MIT Scientists Develop A Way to Boil Water Quicker
boiling water in pan
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MIT Scientists Develop A Way to Boil Water Quicker

Water boiling might seem like a process so simple that science couldn’t possibly improve but this research shows there is a way.

MIT scientists released a press release announcing they found a way to boil water quickly.

Their process improves the two key parameters important to the boiling process: the heat transfer coefficient (HTC) and the critical heat flux (CHF).

Traditionally, improving one of those parameters affects the other one for the worse, but this project shows a way both could be improved.

The secret? Vapor.

High-speed video of the researchers’ test setup shows water boiling on a specially treated surface, which causes bubbles to form at specific separate points rather than spreading out in a film across the surface, thus leading to more efficient boiling. The video has been slowed down by 100 times to show more detail.

“If we have lots of bubbles on the boiling surface, that means boiling is very efficient, but if we have too many bubbles on the surface, they can coalesce together, which can form a vapor film over the boiling surface.

If we have vapor in between the surface and water, that prevents the heat transfer efficiency and lowers the CHF value,” said study co-author and researcher Youngsup Song Ph.D. ’21.

Essentially, by introducing that flm they can create resistance to the heat transfer from the hot surface to the water.

To do so, the researchers added a series of microscale cavities to a surface, effectively denting it and increasing the surface area in contact with water, so that they could control how bubbles form.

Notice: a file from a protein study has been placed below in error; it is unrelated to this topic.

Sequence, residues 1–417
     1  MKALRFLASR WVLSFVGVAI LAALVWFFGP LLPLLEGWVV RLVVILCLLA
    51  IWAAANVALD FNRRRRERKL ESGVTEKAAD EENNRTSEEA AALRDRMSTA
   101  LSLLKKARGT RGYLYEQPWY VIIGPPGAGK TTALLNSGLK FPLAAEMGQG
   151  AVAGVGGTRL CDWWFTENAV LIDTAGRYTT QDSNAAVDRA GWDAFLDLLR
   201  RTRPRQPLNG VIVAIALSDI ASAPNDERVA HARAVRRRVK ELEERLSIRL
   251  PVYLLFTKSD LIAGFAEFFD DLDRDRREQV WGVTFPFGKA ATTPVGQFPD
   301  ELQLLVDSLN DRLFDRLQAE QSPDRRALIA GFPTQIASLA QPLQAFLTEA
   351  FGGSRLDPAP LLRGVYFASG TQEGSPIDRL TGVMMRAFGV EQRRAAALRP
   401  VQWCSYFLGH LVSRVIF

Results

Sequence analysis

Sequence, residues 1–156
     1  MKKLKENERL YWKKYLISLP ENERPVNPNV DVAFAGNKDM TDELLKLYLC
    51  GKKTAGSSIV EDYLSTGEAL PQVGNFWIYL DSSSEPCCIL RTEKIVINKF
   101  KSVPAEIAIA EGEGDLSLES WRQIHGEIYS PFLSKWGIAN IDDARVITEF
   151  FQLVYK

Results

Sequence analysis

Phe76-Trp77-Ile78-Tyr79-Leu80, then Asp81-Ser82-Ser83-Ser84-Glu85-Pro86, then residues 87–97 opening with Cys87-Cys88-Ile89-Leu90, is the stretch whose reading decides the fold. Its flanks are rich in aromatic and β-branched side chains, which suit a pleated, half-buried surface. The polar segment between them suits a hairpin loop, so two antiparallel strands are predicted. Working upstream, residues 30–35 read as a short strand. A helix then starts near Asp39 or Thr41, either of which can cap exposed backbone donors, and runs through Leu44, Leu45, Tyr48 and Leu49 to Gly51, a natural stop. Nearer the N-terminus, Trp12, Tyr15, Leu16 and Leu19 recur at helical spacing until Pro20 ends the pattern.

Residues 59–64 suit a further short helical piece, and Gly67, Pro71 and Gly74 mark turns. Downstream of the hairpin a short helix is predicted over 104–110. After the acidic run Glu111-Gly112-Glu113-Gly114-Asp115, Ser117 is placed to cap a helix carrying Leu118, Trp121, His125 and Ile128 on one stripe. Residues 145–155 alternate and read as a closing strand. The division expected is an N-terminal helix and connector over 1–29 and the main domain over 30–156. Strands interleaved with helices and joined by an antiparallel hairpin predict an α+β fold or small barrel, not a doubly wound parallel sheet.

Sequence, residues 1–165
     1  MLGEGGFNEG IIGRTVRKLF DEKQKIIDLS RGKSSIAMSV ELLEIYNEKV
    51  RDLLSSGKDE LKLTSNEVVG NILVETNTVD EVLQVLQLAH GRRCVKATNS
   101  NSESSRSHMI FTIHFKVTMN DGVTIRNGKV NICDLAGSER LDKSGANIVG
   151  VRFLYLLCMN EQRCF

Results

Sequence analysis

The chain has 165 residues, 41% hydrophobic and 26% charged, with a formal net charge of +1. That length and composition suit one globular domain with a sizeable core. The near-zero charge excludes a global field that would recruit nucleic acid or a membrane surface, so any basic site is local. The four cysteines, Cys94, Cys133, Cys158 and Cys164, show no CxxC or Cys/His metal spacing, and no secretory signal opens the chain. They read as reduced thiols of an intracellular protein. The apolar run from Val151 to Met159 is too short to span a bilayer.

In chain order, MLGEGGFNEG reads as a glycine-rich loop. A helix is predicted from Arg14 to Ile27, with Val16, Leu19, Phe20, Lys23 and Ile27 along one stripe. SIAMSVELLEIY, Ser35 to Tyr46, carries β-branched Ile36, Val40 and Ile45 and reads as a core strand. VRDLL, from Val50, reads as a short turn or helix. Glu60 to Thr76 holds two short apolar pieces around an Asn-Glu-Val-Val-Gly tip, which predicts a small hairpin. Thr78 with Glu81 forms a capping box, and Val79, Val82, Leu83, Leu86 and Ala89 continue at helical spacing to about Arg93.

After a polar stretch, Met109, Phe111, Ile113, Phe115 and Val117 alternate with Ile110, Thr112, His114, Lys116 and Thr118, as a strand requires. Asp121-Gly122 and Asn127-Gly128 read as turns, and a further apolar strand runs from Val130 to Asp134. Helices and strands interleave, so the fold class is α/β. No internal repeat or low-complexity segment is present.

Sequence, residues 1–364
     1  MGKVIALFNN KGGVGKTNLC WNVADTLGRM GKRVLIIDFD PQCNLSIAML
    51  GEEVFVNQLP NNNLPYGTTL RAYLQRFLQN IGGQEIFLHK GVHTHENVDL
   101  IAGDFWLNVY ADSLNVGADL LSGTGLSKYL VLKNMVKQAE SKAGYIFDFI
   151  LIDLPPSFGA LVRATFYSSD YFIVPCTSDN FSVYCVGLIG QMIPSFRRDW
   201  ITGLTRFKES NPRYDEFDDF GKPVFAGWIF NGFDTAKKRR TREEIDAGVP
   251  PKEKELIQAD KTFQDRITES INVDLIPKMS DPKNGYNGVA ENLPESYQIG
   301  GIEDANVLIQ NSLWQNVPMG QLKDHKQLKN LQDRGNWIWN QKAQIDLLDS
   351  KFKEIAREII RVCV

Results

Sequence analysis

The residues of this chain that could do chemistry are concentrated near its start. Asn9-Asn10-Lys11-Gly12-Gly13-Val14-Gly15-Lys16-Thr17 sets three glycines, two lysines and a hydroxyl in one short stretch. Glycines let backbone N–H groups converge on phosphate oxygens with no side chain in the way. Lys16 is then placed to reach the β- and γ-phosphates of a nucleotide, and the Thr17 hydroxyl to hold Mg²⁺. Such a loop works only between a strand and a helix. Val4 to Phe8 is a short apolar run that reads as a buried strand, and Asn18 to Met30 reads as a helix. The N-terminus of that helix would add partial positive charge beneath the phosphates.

With bubbles trapped in those dents and more surface , they couldn’t rise and unite into a heat-resisting film.

“In these experiments, the cavities were made in the centers of a series of pillars on the material’s surface. These pillars, combined with nanostructures, promote wicking of liquid from the base to their tops, and this enhances the boiling process by providing more surface area exposed to the water. In combination, the three “tiers” of the surface texture — the cavity separation, the posts, and the nanoscale texturing — provide a greatly enhanced efficiency for the boiling process,” explained the researcher in the press release.

“Those micro cavities define the position where bubbles come up.

But by separating those cavities by 2 millimeters, we separate the bubbles and minimize the coalescence of bubble,” explained Song further.

So, what can be achieved by boiling water more quickly?

For home uses, probably using a slightly textured pan could let you make breakfast faster.

However, for industrial purposes, if these researchers could demonstrate that their technique can be scaled, it would benefit multiple applications, from reducing energy use in electricity generating plants or chemical plants.

You can read the research here.

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MIT Scientists Develop A Way to Boil Water Quicker
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